Another Calico Lobster Makes News

5/10/12 Update: The Aquarium has once again made news by holding a calico lobster that is bound for Biomes Marine Biology Center in Rhode Island. Here's a photo of the new lobster, and more information about lobster colors from Sam's previous post below.

Original 1/14/12 post:
Let’s get something out of the way: invertebrates are awesome! One of the coolest inverts around (in my humble opinion) is the lobster. There are so many cool facts you may not know about these animals, one in particular is that they come in a wide variety of colors!

This blue lobster can be spotted in the Aquarium's Gulf of Maine exhibit.

When most people picture a lobster they imagine a bright red animal on their dinner plate. However, lobsters are only red after they are cooked. Normally they have a brown/green/blue coloration. The really interesting thing about lobster color is all the possible color variations!

American lobster (photo: NOAA via Wikimedia Commons)

You can get blue lobsters (like the one pictured above), yellow lobsters, half brown/half orange lobsters, white lobsters…the list goes on. All of these different colors come with their own probabilities. While white appears to be the most rare at an estimated 1 in 100 million, coming in second place with and approximate 1 in 30 million is the calico lobster. I’m very happy to announce we’ve recently receive a stunningly beautiful calico lobster from our friends at Chatham Fish and Lobster Co.

New addition: A calico colored lobster! (Photo: Adam Clem)

When lobstermen in the area find these rare color variants in their traps they know how rare and special that is and they often donate them to the Aquarium. That is why here at the aquarium you can see a number of blue lobsters, even though in the wild they only occur at an estimated rate of 1 in 2 to 5 million.

In addition to these naturally colorful lobster residents, there is a lobster laboratory at the Aquarium that hatches and grows lobsters for research purposes that can artificially change a lobster’s colors. Our scientists figured out that all lobster color is derived from a pigment called “astaxanthin” found naturally in a lobster’s diet (the same pigment that turns flamingos pink) and by altering the amount of astaxanthin in a lobster’s food they can change their coloration. In fact, we recently added a new lobster to the Edge of Sea Tidepool Touchtank that was reared in the lab upstairs and is artificially blue.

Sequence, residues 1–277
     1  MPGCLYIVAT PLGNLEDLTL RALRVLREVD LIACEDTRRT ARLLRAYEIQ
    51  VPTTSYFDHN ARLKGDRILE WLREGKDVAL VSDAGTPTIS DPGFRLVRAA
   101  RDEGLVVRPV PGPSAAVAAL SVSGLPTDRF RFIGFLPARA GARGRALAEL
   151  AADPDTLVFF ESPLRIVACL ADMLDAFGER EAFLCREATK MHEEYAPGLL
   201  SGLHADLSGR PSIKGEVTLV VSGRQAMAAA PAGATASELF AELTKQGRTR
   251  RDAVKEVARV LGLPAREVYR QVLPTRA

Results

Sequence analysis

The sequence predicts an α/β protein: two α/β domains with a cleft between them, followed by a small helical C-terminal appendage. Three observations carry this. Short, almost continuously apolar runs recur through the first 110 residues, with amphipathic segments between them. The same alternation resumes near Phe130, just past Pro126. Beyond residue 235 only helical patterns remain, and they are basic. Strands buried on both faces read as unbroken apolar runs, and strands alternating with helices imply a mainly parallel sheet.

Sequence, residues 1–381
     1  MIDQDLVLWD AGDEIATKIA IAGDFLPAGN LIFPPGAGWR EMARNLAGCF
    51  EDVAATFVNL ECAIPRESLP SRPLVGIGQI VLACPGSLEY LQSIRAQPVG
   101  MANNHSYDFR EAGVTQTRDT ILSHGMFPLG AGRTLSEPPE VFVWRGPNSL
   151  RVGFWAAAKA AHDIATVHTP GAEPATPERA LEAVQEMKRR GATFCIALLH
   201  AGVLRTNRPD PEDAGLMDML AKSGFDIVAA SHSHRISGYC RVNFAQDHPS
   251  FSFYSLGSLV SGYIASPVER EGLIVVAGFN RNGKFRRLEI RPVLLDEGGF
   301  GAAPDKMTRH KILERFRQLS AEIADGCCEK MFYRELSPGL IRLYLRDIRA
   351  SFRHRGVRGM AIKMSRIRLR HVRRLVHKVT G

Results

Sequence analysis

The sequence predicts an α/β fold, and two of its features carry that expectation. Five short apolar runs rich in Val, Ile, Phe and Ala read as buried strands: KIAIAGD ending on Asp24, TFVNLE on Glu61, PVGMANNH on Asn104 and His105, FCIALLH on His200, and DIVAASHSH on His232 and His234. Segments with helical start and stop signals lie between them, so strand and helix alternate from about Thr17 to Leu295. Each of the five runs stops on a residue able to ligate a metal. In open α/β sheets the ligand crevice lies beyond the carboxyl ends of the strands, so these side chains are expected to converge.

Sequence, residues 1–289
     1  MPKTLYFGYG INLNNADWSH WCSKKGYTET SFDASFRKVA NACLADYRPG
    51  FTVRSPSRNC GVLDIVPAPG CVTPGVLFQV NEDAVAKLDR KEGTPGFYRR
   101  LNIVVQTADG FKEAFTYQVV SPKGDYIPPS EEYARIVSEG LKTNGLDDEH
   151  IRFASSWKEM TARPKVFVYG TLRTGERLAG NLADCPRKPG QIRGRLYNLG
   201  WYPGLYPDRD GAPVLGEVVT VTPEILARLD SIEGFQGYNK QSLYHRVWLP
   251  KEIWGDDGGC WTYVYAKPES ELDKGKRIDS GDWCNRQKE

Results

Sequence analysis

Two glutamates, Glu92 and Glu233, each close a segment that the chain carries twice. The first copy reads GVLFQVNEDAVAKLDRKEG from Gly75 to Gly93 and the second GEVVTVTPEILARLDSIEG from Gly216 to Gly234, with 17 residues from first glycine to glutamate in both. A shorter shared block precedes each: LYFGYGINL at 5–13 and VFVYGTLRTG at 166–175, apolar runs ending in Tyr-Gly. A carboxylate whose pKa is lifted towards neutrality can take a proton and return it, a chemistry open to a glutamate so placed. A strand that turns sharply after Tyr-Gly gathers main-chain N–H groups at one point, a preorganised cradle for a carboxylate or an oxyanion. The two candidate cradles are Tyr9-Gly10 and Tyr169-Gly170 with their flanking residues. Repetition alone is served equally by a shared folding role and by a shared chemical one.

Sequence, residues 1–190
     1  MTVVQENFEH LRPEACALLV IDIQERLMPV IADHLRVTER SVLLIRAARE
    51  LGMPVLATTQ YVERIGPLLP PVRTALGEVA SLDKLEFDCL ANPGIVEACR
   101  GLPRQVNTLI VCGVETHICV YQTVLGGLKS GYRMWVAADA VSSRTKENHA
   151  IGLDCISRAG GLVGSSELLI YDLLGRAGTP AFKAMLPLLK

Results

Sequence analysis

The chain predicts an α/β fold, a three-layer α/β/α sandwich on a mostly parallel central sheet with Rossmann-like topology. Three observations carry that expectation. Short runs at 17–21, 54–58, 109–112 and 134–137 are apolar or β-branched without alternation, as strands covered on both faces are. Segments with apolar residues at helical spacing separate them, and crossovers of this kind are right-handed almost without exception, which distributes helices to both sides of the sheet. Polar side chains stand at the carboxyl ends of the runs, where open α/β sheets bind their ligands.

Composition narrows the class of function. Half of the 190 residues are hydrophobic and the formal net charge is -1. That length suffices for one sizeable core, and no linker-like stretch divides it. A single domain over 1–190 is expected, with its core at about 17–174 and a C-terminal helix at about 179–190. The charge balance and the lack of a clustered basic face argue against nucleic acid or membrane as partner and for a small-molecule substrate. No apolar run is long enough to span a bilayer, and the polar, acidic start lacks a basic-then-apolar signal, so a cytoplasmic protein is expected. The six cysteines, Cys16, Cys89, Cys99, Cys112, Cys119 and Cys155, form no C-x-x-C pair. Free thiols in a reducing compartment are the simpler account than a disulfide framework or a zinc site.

(Photo: Adam Clem)

At this time, we’re undecided if this new calico lobster will be put on exhibit or used in our Live Animal Presentations (see our blog here about lobster presentations). But, next time you’re in the galleries keep an eye out for our impressively colored lobsters. Also, don’t forget…invertebrates are AWESOME!


  1. ed Kennedy new memberJanuary 5, 2012 at 3:02 PM

    I once saw an ad for Red Lobster restaurant chain. It showed a line of red lobsters walking across the ocean floor. I always wondered how cooked lobsters could be down there

  2. This is amazing! Greatest blog post ever!

  3. That's a beautiful shade of blue. I found this description of how you can manipulate the colors very interesting.

    With thanks, my first time on this site. I imagine the color of a lobster is normally connected to issues of camouflage etc. or maybe not. Are they usually difficult to spot. Do they have natural predators in the ocean? I guess I need to learn more about lobster.

    Deep blue sure is pretty!

  4. Interesting, I only thought they were brownish orange in color. What a beautiful color!! Thanks for sharing!!

  5. We had a couple calico this summer at our libstermen dock in Gloucester. In addition a brilliant blue this year. In ghs past we've had s couple albino, some yellow, a half white one we named phantom of the lobster and triple pincer, and multiple clawed crabs.
    The pictures and videos from the dock are at

  6. Beautiful and amazing!

  7. blue that is cool ! want to see a white one lobs :)

  8. WOW!! I knew there were blue lobsters, but the calico is so pretty. I'm curious..if a blue were cooked (God forbid) what color does he turn? great network site, very fascinating. Thanks